Can you say Noquemanon?

Robert Thomas

While some places are winding down for snowy hibernation, Marquette is exploding with activity as the winter sports season starts to peak.

Petosky resident Chris Weingartz doesn't let the ice in his beard hinder his ability to ski in the 50k Noquemanon marathon in 2013. (NW File Photo)
Petosky resident Chris Weingartz doesn’t let the ice in his beard hinder his ability to ski in the 50k Noquemanon marathon in 2013. (NW File Photo)

On Friday, Jan. 24, nearly 1,300 racers from across the United States will descend on Marquette & Ishpeming, the birthplace of American organized skiing, to compete in the Marquette General Health System Noquemanon Ski Marathon, including the mBank half marathon and the Snow Bike World Championship.

Jon Mommaerts has been director of the race for 17 years and is this year’s chief of race, managing both the race’s planning process and the day-of duties.

“We’ve created an event­—and a trail system that is funded by this event­—to allow for residents to have trail access and access to healthy lifestyles,” Mommaerts said.

Since 1998, the race has used the Noquemanon Trail Network (NTN), an all-season recreational trail system funded solely by user contributions and events such as “The Noque.” From the starting line in the Al Quad Recreation area, skiers of the full marathon trek roughly 50 kilometers (about 31 miles) north over the Dead River Basin and east through the Forestville Plains, finally finishing at the NMU Superior Dome.

Seven aid stations throughout the course supply racers with water and energy drinks. A majority of the race’s more than 500 volunteer’s work these aid stations, cheering racers onward.

As a part of the American Ski Marathon Series,  the ski race welcomes all skill levels, offering a 50k, 24k, 12k and youth race called the Junior Noque. Racers will compete in a classic style contest with trails featuring prepared parallel tracks carved into the snow, or a freestyle contest, sometimes referred to as skate-skiing.

The mBank Half Marathon, spanning the final 24k, or 14.9 miles, of the NTN race track, provides much of the scenery and beauty that racers desire without the uphill climb characteristic of the beginning half of the course.

“Even though the Half Noque is half the distance, the full marathon is more than twice as hard,” said Derek Anderson, 8-year chief of half marathon and associate professor of education at NMU.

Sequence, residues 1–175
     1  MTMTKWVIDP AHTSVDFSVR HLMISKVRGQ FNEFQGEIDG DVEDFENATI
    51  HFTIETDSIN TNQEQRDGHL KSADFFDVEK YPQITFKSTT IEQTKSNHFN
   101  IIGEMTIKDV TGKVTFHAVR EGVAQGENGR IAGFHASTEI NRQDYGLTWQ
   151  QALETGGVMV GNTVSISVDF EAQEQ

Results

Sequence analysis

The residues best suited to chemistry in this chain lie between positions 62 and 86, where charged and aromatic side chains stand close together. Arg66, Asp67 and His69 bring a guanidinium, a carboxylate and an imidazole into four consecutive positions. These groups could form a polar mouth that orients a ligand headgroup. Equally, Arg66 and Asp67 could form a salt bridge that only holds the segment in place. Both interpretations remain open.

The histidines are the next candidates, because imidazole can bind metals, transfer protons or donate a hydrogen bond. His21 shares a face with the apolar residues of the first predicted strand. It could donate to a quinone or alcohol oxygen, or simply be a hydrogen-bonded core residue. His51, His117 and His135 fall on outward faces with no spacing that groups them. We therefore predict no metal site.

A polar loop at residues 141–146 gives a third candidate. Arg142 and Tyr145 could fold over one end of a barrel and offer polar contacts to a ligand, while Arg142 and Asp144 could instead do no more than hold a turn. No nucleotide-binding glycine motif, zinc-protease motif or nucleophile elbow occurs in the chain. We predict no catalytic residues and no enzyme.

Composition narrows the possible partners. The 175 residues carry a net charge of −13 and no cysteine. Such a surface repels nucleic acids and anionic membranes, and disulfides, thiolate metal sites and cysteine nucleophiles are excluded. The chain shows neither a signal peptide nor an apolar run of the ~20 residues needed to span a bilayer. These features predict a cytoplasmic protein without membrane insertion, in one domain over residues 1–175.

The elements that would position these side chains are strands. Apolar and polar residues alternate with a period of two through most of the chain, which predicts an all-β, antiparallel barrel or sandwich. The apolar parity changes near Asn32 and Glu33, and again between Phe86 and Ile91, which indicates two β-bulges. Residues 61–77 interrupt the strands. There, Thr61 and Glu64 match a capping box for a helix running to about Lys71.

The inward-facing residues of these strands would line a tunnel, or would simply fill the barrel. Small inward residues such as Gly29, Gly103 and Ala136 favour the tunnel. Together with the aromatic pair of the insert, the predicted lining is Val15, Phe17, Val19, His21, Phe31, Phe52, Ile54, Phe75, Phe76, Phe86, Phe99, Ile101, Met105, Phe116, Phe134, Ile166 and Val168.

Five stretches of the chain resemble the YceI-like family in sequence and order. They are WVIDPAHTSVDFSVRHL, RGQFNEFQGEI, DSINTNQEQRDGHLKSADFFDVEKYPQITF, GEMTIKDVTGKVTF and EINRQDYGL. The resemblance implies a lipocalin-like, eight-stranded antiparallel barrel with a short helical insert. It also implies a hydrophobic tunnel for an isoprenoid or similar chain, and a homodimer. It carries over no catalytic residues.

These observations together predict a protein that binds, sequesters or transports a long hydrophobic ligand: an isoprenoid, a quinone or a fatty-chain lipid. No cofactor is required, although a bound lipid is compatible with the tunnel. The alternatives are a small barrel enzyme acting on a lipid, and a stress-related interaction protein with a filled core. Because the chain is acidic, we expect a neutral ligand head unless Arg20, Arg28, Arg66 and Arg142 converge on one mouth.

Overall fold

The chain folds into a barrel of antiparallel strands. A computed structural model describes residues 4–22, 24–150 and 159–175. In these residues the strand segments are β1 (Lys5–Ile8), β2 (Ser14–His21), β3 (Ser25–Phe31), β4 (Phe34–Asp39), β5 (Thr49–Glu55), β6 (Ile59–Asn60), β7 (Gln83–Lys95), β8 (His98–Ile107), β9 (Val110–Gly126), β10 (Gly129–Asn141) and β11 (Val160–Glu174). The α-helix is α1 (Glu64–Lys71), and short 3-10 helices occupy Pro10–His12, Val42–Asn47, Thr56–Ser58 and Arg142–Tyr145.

From the beginning of the Half Noque, where the course intersects with CR-550, racers descend in elevation approximately 900 feet to the race’s finish line at the Superior Dome.

“The first half of the full marathon is super hilly, whereas, the Half Noque is more downhill than up,” Anderson said.

The World Championship Snow Bike Race, occurring on that Saturday, is the fourth out of eight races included in the Great Lakes Fat Tire Bike Series. While this is a 50k race, Saturday, Jan. 25 and Sunday, Jan. 26 will also offer 24k and 12k races for less seasoned riders.

This year’s 24k (15 miles) and 10k snowshoe races have been named as qualifying races for the United States Snowshoe Association (USSSA) National Championships. The Noquemanon website entices competitors to “enter a race where waxing is not a worry, and it is not the quality of your skis that matters, rather the strength of your legs.”

The 24k on Saturday and the 10k on Sunday will provide spectators with a change of pace from the constant waves of skiers.

The connections between events such as the MGHS Noquemanon Ski Marathon and the Marquette community run deep.

Besides donating time and effort to man the race’s numerous volunteer positions, the student and faculty population at NMU also works with event organizers behind the scenes to put on this cold-weather conference.

“We’re already partnering with NMU in a few different areas,” Mommaerts said.

In addition to the welding department at NMU  assisting with building finish-line structures, NMU professor of management Carol Steinhaus’s Event Management, MGT 342, class has partnered with race coordinators to plan, manage and execute the Junior Noquemanon.

“The Noquemanon race folks come and tell us about their budget, the scope of the race and we begin to plan our participation and management of the race,” Steinhaus said. “We attend Noquemanon board meetings, we work with community race organizers and then we actually are physically running the event on thatThursday afternoon.”

The Noque brings nearly 1,000 out-of-towners into Marquette the weekend of the race, Mommaerts said.

“So it has a significant economic impact,” he said. “It was estimated through our studies to be around $1.2 million a year.”

Besides being an athletic odyssey, the Noquemanon Ski Marathon serves as a rallying point for snow-sport supporters of all kinds.

“We’re always looking for more volunteers,” Mommaerts said.

If students are interested, call the Local Lakeview Arena Office at (906) 235-6861 or email[email protected].